It was trance night, and aside from a few tripped-out looking kids swaying gently under the disco ball the bar was pretty chill. Jonathan finished the drink and contemplated the olive at the bottom.
“Need a refill?” a guy said, sliding into the other side of the booth.
“Thinking about it,” Jonathan said, looking up. The guy was thin and dark haired, and when Jonathan met his eye he winked.
“Go get one, I’ll wait here.”
Jonathan went to go get one.
When he got back, he had put himself together enough to introduce himself.
“I’m David,” the guy said. He was drinking something pink, practically a fruit salad, the sort of thing no one would be surprised to see sporting a curly straw and a little paper umbrella. His fingernails had been painted with black nail polish, now chipped around the edges. “Did you hear their latest album?”
“Who? Oh.” Jonathan looked down at his shirt. “I’ve never heard their stuff, actually.”
“Don’t worry about it. They’re crap.” David leaned forward to pull a cherry out of his drink. “I’ve seen them in concert twice.”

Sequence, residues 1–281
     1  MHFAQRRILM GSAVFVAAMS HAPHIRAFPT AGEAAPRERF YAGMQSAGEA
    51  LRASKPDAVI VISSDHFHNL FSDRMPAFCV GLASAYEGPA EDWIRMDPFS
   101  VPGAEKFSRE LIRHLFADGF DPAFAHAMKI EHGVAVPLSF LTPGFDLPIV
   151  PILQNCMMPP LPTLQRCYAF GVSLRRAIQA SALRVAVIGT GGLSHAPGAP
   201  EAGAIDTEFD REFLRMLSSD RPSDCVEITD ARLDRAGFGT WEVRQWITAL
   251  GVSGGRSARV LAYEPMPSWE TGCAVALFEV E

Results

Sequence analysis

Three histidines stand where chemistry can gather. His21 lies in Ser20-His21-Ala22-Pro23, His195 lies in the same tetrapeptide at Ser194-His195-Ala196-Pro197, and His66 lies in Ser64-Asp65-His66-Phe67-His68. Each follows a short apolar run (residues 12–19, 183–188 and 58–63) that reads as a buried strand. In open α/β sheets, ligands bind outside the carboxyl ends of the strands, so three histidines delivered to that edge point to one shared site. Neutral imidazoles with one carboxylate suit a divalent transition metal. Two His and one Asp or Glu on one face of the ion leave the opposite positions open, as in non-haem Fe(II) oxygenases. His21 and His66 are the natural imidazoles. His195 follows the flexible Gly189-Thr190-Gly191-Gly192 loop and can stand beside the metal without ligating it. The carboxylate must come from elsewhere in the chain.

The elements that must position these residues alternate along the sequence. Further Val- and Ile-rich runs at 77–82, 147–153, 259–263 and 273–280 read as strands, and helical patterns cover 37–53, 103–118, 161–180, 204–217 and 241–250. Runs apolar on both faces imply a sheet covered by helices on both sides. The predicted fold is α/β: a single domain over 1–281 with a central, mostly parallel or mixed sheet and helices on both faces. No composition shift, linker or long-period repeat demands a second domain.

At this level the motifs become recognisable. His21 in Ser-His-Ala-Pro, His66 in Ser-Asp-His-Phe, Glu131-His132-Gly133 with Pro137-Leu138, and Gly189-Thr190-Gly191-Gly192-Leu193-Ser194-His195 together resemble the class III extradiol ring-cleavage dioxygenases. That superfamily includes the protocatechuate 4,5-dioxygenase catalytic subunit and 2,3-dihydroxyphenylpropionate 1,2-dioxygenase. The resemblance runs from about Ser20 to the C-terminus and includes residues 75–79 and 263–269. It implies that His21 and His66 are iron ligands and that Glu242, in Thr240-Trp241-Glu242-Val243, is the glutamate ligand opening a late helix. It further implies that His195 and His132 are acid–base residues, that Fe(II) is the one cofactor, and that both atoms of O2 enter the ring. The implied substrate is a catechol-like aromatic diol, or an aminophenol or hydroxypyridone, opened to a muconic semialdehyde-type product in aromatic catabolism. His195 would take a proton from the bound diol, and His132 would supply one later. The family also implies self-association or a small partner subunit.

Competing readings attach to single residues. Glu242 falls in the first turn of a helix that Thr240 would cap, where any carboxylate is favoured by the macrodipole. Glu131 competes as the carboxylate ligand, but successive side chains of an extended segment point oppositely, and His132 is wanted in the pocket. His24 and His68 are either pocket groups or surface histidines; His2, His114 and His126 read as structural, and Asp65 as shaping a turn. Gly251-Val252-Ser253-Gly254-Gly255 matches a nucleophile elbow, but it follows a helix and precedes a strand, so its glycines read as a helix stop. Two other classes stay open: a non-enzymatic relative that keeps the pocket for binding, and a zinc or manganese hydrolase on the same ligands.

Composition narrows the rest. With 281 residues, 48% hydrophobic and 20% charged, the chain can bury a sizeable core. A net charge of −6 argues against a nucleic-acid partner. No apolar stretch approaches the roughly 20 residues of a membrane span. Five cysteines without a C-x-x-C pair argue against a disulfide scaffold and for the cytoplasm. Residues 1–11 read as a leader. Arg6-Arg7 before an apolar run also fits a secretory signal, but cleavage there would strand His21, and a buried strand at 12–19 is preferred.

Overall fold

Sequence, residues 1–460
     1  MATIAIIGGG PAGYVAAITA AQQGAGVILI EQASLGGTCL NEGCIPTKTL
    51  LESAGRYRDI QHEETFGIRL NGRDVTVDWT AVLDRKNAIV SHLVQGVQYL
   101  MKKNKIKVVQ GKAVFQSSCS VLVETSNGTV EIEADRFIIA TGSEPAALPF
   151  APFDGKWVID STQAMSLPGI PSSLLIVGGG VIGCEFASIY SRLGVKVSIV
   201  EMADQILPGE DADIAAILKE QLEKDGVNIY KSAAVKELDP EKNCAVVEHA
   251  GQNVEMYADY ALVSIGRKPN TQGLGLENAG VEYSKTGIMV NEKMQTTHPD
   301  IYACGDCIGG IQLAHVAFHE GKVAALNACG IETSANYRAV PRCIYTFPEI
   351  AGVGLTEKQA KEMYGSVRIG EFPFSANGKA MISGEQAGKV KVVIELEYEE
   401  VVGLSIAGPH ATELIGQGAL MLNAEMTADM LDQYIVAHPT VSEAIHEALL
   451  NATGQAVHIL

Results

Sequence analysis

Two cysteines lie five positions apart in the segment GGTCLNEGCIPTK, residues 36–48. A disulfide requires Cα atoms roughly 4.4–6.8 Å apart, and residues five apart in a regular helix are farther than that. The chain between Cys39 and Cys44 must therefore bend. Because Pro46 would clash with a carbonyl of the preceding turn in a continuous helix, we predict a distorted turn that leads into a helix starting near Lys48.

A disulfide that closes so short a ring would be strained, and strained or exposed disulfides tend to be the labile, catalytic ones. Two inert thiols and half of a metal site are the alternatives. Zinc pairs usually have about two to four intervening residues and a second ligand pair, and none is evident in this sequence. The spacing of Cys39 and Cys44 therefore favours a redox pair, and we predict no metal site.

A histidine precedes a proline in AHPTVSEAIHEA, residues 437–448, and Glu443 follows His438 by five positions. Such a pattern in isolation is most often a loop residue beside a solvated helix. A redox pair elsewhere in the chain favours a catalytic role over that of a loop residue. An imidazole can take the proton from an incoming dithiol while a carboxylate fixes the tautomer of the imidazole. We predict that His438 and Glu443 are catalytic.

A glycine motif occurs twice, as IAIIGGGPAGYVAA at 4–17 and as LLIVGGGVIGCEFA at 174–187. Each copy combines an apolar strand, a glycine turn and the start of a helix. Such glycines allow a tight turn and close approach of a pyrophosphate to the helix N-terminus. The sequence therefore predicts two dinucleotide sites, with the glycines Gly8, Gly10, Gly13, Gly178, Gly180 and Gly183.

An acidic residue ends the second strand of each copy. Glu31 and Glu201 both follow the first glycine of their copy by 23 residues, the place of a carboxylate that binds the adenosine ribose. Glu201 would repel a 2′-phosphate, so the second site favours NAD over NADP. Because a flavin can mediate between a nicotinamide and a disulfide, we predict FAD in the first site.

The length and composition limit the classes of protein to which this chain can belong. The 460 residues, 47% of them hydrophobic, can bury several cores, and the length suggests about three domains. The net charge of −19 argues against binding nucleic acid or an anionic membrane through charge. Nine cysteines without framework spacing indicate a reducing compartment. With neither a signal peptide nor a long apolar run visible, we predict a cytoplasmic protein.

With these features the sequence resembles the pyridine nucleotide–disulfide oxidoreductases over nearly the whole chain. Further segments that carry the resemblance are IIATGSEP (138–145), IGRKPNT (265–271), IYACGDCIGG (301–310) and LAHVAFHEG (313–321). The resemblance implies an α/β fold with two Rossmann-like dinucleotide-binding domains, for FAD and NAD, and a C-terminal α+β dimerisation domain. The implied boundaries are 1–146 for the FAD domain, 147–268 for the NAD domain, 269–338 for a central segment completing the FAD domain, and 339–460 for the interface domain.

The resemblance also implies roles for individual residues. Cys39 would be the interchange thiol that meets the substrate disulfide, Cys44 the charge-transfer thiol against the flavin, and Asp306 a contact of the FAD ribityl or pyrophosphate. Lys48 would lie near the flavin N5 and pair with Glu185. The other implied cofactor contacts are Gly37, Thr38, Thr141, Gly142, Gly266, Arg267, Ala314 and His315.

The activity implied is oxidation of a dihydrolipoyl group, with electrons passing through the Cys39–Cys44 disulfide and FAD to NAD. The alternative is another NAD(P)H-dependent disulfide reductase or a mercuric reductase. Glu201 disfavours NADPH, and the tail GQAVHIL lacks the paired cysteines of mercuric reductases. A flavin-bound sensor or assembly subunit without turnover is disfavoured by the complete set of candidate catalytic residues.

“Last month.” He ate the cherry, looking satisfied. “I’ve seen you around too, a couple of times.”
The act of inhaling his martini was painful and involuntary. Jonathan coughed hard, holding up a hand. When he could breathe again, he said, “I haven’t been here for months.”
“I see you around town, too. Thought you were cute, that’s why I remember you. Like at that café on Fourth Street.” He smiled. “Always with that girl. She your girlfriend?”
“No,” Jonathan said, a little too emphatically. “Just my roommate.”
“I hear that.” David leaned back. “You don’t like me saying you’re cute, do you.”
“It’s not…” He squirmed. “I came to the city to try to come out of my shell a little.”